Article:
One of the most recognized names of the Indian Freedom Struggle is that of Sarojini Naidu, also known as the Nightingale of India. Not only was Mrs. Naidu dedicated to the goal of a free India, she focussed on other important issues as well that were affecting the life of Indians. Women education and maintaining secularity became prime issues that she acted on during her time both as an activist and as the first Governor of Uttar Pradesh. After joining the freedom movement following the Partition of Bengal, she was one of the leading figures in the movement and became the first woman President of the Indian National Congress. She played a notable role in the Quit India and Civil Disobedience Movement, for both of which she was sent to separate jail tenures along with the likes of Mahatma Gandhi. Mrs. Naidu wielded the pen just as well as she delivered speeches. Her poetry and lectures motivated women around the country to join the Freedom struggle, do their part for the nation and not be left behind. Until this day, her birthday is celebrated as Women’s Day around the country.
This name you probably haven’t heard before because her story is a short one. A short one, but one that is worth glorifying all the same. The Indian Freedom Struggle holds a unique place in the history of Freedom struggle across the world led by the colonies of the British Empire. This is so because resilience was combined with non-violence to create a united front against the oppression. From a conservative Assamese family came the orphan Kanaklata, who upheld all principles of the Gandhian philosophy and died by them during the Quit India Movement. On the 22nd of September 1942, at the Gohpur Police Station in Barangabari, Kanaklata led a group of patriots to hoist the Indian flag. As a leader of the Assamese women in the Freedom struggle, she tried negotiating with the police to carry out the process peacefully. Despite the death threats given by the police, she went ahead to host the nation’s flag. Kanaklata was one of the youngest martyrs of the Indian Freedom Struggle, shot by the British police at the age of 17. Her example only goes on to show that you are never too old or too young to stand up for what you believe in. change can be brought about even by the smallest of voices.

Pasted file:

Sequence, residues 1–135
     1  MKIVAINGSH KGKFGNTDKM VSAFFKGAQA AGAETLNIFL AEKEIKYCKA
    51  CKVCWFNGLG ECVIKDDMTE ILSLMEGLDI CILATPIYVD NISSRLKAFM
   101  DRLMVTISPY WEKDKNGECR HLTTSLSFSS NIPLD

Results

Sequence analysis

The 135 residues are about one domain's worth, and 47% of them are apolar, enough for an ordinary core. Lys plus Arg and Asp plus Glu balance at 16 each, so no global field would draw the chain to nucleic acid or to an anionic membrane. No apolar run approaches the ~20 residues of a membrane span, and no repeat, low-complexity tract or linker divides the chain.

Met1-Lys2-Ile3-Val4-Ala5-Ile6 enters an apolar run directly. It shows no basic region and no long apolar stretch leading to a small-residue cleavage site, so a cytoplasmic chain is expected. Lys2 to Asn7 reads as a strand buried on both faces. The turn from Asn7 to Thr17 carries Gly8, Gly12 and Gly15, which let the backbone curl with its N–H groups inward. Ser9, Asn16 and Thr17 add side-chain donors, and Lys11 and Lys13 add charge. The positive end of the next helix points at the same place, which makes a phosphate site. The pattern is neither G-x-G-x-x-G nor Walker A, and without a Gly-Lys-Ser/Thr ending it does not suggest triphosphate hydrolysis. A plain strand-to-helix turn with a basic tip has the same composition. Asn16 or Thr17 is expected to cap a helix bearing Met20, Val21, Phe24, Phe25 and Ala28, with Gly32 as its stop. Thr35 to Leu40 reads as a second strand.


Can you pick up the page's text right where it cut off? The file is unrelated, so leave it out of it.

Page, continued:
Aruna Asaf Ali
The Grand Old Lady of Indian Independence was nothing short of a real-life superwoman. No matter where the Britishers sent her, she found a way to get under their skin and further the independence agenda. Aruna Ganguly, after marrying Asaf Ali, a leader of the Indian National Congress, she was introduced to the Indian Freedom Struggle. Her first participation in this was during the Salt Satyagraha in 1930 when she was arrested for the first time. While the other prisoners were released due to the Gandhi-Irwin Pact in 1931, the Britishers were forced to release Mrs. Ali under the pressure of people protesting against her imprisonment. The very next year, she was arrested again and this time she went on a hunger strike that forced the authorities to treat the political prisoners better. Aruna used her popularity among the people greatly to the favor of the cause she was fighting for. During the Quit India Movement, she hoisted the National flag at the Gowalia Tank ground in Bombay.
It is not very surprising that most of the textbooks that we read today don’t provide much detail on the contribution of women to the Indian Freedom Struggle. However, we need to study the finer details of this glorious struggle to understand how important the contribution of women was to the cause. The situation today is just as Mahatma Gandhi assessed back in the day, “Woman, I hold, is the personification of self-sacrifice, but unfortunately today she does not realize what tremendous advantage she has over man”. The stories of these women from the Indian Freedom struggle hold true the fact that whatever change we hope to bring to this world cannot be accomplished without an equal participation of women.